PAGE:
Demystifying The Funeral Industry
For, at the end of the day, funeral homes/mortuaries are businesses – a concept that is often overlooked by the general public. They provide a needed service in exchange for monetary compensation. They are on call 24/7 and still have to support their employees and family; when all is said and done, that compensation comes from sales.
And, while the Federal Trade Commission passed the Funeral Rule in 1984, strictly regulating the industry (particularly in regard to transparency concerns), business practices still circulate that can be interpreted as selfish, underhanded and misleading. Taken out of context, these practices might just be called "smart business skills." However, within the scope of bereavement, any actions used to make money above and beyond the necessary costs are liable to receive more than a few sideways glances.
Understanding The Funeral Rule
Under the Funeral Rule, the bereaved have the legal right to:
Forego Embalming: This is by far one of the most widely circulated assumptions regarding burials. No state requires embalming under "normal" circumstances. To reiterate, no state laws say that the decedent must receive routine embalming in order to be buried. The FTC explains under the Funeral Rule, "Some states require embalming or refrigeration if the body is not buried or cremated within a certain time […] in most cases, refrigeration is an acceptable alternative."
In other words, within a window of time, viewings can still take place even if the body is not embalmed. Burials most certainly can be conducted without embalming. While many funeral homes might have their own policies regarding viewings and embalming, it is not required by state law.
- Forego Traditional Caskets For Cremations: Big, fancy caskets are not necessary for cremation. No caskets are necessary for cremation. Under state and local law, cremations can be performed using "alternative containers." Furthermore, under the Funeral Rule, the funeral home/mortuary is required to inform the bereaved, and have available, alternative containers such as unfinished wood, fiberboard or cardboard containers.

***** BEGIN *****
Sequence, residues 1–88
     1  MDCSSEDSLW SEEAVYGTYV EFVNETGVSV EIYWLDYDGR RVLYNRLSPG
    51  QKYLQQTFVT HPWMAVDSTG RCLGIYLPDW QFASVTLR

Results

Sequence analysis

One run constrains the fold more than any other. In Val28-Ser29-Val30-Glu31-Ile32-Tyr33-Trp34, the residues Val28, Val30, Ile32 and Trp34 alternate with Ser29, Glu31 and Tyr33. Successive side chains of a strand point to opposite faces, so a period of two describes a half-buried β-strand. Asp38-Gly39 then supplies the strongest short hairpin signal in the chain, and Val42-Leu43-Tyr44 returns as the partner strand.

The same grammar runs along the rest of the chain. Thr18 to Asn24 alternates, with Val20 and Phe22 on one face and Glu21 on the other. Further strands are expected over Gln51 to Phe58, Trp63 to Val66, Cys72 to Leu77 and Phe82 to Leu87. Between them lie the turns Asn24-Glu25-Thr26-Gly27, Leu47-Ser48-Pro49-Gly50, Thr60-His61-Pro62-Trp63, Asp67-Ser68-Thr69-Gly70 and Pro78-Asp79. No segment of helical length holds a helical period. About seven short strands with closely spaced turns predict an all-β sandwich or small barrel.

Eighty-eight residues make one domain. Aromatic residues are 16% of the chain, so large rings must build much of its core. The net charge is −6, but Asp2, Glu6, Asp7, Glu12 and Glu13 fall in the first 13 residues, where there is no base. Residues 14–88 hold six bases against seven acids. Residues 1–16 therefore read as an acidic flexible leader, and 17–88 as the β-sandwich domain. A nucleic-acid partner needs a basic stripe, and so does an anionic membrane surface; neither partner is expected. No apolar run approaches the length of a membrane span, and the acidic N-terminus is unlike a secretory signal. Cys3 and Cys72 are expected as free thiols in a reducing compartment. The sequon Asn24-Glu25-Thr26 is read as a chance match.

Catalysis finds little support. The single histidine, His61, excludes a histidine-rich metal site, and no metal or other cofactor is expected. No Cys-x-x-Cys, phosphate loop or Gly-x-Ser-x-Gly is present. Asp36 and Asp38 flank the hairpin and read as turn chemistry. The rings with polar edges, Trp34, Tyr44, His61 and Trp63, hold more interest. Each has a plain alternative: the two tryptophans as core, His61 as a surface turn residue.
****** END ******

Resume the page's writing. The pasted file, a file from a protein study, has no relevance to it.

- Purchase A Container From A Different Business: "The funeral provider cannot refuse to handle a casket or urn you bought online, at a local casket store, or somewhere else – or charge you a fee to do it," states the FTC. Purchasing a container at the same funeral home where the decedent has been delivered postmortem may be convenient, but it does not guarantee the best pricing or the best options available on the market.
- Receive Written Price Lists: By law, funeral directors are required to provide the bereaved with written price lists for caskets, outer burial containers and the entire funerary cost. According to the FTC, "The funeral home must give you a statement listing every good and service you have selected, the price of each, and the total cost immediately after you make the arrangements."
- Receive Pricing Information Over The Phone: You do not have to be physically present or provide any identifying information in order to receive pricing information over the phone; "You don't have to give them your name, address, or telephone number first," the FTC states.
- Buying A La Carte: Under the Funeral Rule, "You have the right to buy separate goods (such as caskets) and services (such as embalming or a memorial service). You do not have to accept a package that may include items you do not want."
Cutting Costs Without Feeling Disrespectful
Emotions run rampant during times of mourning. But, understanding that and taking precautions now to prevent emotionally-charged upcharges can save your family unnecessary expenses.
One of the best ways to avoid being sucked into or dragged through up-talk sales' tactics is to plan ahead. Death is unpredictable, but it is generally assumed that it comes in old age. However, while all deaths can be emotionally draining and leave the bereaved fuzzy-minded and incapable of making otherwise rational or financially-conscious decisions, unexpected deaths throw the entire thought-process out of whack.
It is never too early to write down your end-of life and death care preferences. While it may seem morbid or untimely, the one certainty of life is its uncertainty. If being prepared for the unthinkable could even minutely relieve some of the emotional turmoil your family may experience after you've departed your physical body, wouldn't you do anything you can to make sure that happens?
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